Mark your "Calendar"
Three Rowan University alumni have produced Calendar Girl, a feature length film premiering at Philadelphia CineFest, a city-wide celebration of movies April 7-14.
The film, made on a reported budget of $25,000, features Hollywood stars Corbin Bernsen, Gilbert Gottfried and Brian O’Halloran in a “horror-comedy” genre-bender set in and around Philadelphia’s Aramingo Diner.
Director Derek Lindeman, a 2006 Rowan fine arts major, described lead character Ari as almost childlike, a young adult waitressing at a diner who comes to believe she will be the next victim of the so-called Calendar Killer.
“There’s been a serial killer: one girl a month,” Lindeman said. “What happens is the Calendar Killer, as he’s come to be known, sends a letter to the press taunting the city, the police, etc. Ari thinks she’ll be his next victim but she’s different from the rest, the antithesis of all the Calendar Girls up to this point.”
Not only does Ari think she’s the next victim, she falls in love with a guy who she thinks is the killer.
“Like I said, it’s a comedy,” Lindeman said. “It’s right around December, she’s been alone for a year, and when this loner, drifter kind of guy comes into the diner, she falls for him.”
From Rowan to the Real World
Lindeman was joined in the production by several other Rowan alumni including producer Annie Qualtieri and film editor Mike Licisyn.
Licisyn, a 2006 Radio/Television/Film major, said he developed editing chops working on a class project for Prof. Joseph Bierman.
“We made a short film called The Open Window,” Licisyn said. “It was great experience. We shot on real 16 mm color film and I was the editor and continuity supervisor. My job was to help aid the director’s and producer’s visions.”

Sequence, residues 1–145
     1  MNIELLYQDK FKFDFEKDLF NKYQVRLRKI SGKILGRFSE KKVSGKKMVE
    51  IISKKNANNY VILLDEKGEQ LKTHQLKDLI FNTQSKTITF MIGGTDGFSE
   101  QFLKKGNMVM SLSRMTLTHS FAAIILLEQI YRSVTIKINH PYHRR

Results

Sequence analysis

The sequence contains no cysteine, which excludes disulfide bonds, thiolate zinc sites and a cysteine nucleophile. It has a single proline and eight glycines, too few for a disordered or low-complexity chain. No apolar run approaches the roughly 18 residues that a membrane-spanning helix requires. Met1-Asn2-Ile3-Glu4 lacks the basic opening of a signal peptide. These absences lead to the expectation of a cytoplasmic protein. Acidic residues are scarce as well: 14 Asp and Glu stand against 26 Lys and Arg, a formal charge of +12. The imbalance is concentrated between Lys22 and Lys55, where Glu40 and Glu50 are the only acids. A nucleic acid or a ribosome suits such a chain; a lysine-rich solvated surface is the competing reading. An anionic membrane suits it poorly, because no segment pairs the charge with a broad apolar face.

Licisyn also built editing skills at Rowan Radio, WGLS, where he edited promotional materials before they went on the air.
“I can’t say enough about working there,” Licisyn said. “(Station Manager) Frank Hogan treats it like a station competing for Arbitron ratings, which it is. He instilled in me the belief that if something is mediocre in its production value it isn't good enough to be released.”
Licisyn also credited film professor Ned Eckhardt and others for demanding good work – and getting it.
“It’s how they run the program,” he said. “They make you act professionally by critiquing you like a professional.”
Qualtieri, a 2004 Radio/Television/Film major, said her studies concentrated on TV work but she built a group of contacts at Rowan that she relies on in her budding film career.
“Rowan was a great place to network," said Qualtieri, a producer on Calendar Girl. "I’m still friends with some people I went to school with.”
Lindeman said though he didn’t study film at Rowan his fine arts degree has proven surprisingly valuable in his nascent film career.
“It helped build my work ethic,” he said. “In fine arts, you do it because you love it, and that’s how it is with film. If you’re going to make something that comes from your head and you hope to earn a living off it you have to have that kind of work ethic. And it also helps to be poor and I’m really good at being poor.”
Lindeman said his film does not yet have a distributor but hopes exposure at CineFest helps land one.
Go see Calendar Girl. The World Premier is at CineFest, April 11 at 9 p.m., at The Painted Bride Art Center, 230 Vine Street in Philadelphia.